Now that we’re in the midst of October 2013′s Cyber Security Awareness Month, it’s a good time to think about the connections between security awareness and trust. This discussion centers on three questions:
How do we trust our computers and devices?
How do we trust our vendors?
How do we trust the infrastructure?
We ask these questions mindful that information technology does not stand still and is probably accelerating. Forward progress, however, is unsustainable if we can’t trust the technologies we use. I don’t foresee any scenario where technology progress will come to a halt, but there are many ways it can fly off the rails if we’re not careful. This may sound dire, but I remain an optimist by nature and believe we can confidently move ahead if we take the time to think about security and trust and act on our conclusions. Cyber Security Awareness Month is a good opportunity to think about this, and I have more to say in the video blog post below:
It’s likely that your users are already stating a clear preference for video calls, but you may not know it. Why? Because with video calling apps like Skype and Facetime, employees may be using their smartphones to place video calls over the cellular network, even when they’re in the office.
For Gen Y employees in particular, video calls are a normal and expected way to communicate. But now, employees of all ages are asking why their workplace doesn’t offer the tools and support for video calling. Read More »
Science fiction writers have often mused about the merger of humans and machines. But while RoboCops and bionic superheroes aren’t likely to fight evil anytime soon, some exciting wearable smart technologies are already here. They may not match Tony Stark’s Iron Man suit, but they are enabling ordinary people to interact with the wider world — and the Internet of Everything (IoE) — in intriguing (and sometimes stylish!) ways.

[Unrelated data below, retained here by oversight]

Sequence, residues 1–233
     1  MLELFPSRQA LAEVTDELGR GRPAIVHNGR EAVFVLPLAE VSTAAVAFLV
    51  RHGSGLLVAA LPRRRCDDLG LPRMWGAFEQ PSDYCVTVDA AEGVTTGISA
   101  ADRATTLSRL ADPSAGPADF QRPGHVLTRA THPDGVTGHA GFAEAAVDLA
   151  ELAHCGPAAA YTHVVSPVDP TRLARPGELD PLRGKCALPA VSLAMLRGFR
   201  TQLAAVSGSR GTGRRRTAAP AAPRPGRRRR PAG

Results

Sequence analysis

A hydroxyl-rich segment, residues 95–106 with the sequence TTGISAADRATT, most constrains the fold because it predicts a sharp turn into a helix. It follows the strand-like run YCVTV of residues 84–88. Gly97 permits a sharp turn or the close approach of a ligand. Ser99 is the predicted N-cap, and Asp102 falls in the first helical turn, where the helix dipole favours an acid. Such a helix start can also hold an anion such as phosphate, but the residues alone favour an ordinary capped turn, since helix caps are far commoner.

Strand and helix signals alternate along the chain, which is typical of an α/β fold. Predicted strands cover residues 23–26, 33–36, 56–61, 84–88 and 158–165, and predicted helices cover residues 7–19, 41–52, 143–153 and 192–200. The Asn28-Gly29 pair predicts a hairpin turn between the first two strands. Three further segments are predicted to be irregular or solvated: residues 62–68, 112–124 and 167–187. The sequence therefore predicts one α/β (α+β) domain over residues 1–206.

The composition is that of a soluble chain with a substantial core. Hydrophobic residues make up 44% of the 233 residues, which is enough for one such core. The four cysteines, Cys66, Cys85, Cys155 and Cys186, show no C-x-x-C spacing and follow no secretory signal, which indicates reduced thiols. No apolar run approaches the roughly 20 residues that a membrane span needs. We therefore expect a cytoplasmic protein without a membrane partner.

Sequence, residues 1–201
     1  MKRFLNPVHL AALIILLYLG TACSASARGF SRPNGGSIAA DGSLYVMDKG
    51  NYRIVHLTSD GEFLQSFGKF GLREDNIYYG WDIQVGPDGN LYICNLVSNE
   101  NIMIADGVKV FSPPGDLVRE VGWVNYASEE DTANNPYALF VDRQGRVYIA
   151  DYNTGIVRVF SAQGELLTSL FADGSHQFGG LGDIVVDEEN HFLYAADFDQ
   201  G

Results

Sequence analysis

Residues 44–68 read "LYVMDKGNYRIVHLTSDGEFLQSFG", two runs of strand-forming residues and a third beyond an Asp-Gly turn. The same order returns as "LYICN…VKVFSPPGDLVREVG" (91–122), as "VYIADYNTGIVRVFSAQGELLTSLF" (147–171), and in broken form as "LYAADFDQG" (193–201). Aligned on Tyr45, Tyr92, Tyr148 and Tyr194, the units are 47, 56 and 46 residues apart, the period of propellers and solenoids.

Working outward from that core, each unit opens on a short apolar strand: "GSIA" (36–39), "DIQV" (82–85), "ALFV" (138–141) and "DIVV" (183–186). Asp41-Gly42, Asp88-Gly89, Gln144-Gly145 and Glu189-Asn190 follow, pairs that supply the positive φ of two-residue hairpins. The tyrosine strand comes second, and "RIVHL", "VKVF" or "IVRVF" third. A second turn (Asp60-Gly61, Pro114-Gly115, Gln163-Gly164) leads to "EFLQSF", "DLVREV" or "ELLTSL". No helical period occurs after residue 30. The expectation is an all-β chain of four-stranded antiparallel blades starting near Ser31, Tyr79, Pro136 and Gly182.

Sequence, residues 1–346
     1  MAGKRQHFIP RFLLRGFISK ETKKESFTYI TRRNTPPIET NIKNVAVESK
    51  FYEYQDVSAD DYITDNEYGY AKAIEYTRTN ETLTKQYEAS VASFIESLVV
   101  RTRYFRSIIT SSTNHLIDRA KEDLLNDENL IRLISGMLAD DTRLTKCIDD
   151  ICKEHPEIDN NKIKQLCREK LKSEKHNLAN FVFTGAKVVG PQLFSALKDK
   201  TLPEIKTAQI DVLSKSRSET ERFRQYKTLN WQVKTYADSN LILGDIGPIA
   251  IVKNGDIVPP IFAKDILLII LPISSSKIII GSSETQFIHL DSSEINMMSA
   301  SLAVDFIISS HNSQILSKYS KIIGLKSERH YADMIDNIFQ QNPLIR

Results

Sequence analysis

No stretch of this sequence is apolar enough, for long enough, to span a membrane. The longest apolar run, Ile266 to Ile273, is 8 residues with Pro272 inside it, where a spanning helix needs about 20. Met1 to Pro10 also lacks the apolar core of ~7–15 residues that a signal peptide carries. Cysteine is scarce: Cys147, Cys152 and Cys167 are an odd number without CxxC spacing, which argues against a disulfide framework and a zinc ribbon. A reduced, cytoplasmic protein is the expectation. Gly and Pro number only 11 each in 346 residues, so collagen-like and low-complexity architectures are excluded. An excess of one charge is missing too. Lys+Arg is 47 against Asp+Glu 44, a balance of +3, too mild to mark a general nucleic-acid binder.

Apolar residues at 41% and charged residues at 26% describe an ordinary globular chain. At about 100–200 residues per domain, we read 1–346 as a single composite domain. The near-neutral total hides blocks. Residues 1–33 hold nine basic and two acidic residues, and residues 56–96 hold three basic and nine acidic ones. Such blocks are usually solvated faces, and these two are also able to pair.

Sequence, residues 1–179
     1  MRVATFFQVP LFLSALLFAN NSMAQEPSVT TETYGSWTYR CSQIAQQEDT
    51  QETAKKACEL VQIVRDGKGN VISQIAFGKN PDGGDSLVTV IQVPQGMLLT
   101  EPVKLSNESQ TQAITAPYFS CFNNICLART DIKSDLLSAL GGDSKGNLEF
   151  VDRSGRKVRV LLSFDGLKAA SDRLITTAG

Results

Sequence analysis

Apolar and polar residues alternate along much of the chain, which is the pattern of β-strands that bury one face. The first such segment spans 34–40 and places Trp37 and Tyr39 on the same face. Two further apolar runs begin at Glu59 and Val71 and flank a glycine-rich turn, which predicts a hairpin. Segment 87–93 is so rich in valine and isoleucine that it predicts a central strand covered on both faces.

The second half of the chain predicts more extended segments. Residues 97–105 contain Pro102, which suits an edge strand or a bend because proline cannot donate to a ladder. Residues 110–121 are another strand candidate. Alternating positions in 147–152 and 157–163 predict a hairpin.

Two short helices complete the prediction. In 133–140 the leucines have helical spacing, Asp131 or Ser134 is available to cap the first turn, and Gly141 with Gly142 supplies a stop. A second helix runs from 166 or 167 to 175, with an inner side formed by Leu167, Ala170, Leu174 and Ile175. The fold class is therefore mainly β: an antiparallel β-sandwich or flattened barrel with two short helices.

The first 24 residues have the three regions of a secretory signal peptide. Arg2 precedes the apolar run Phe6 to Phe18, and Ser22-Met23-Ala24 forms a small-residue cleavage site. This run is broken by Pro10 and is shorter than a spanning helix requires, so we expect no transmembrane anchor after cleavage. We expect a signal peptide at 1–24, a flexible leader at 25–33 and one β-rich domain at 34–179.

So, if you think your smart device is generating and processing a lot of data today, get ready for an even closer connection with your personal technology in the near future. Wearables are infusing sensors into bands, watches, shoes, shirts, bras, glasses, earrings, necklaces, and helmets. And these technologies are ready to generate reams of data — as well as real-time insights — about the ways in which we live, play, learn, work, exercise, maintain health, you name it.
I expect wearables to be a core topic of conversation at the Internet of Things World Forum in Barcelona later this month. As a further evolution of IoT, IoE is all about connecting people, processes, data, and things in amazing new ways. And while we often hear about IoE’s potential to transform supply chains, factories, retailers, and assorted megaprojects, wearables are a good reminder that the people element of connecting the unconnected is paramount. Armed with these new technologies — and the ability to connect via the key pillars of IoE, such as cloud, mobility, video, and analytics —individuals will be able to monitor and quantify their lives like never before. Wearables add another dimension to the Quantified Self movement, which I covered in a previous blog.
At the GSMA Connected Women Event on October 10-11, I had the thrill of combining two of my favorite things – being in New York and speaking about women in technology. Both ignite a passion in me.
As a little girl, when hearing the question “What do you want to be when you grow up,” the answer “IT expert” rarely makes the top of the list. But maybe it’s time to plant the seeds of possibility in the minds of our daughters, nieces and women in our lives, especially with the IT job market perched on the brink of major growth. Read More »
Many Cisco customers with an interest in product security are aware of our security advisories and other publications issued by our Product Security Incident Response Team (PSIRT). That awareness is probably more acute than usual following the recent Cisco IOS Software Security Advisory Bundled Publication on September 25. But many may not be aware of the reasoning behind why, when, and how Cisco airs its “dirty laundry.”
Our primary reason for disclosing vulnerabilities is to ensure customers are able to accurately assess, mitigate, and remediate the risk our vulnerabilities may pose to the security of their networks.
In order to deliver on that promise, Cisco has has made some fundamental and formative decisions that we’ve carried forward since our first security advisory in June 1995.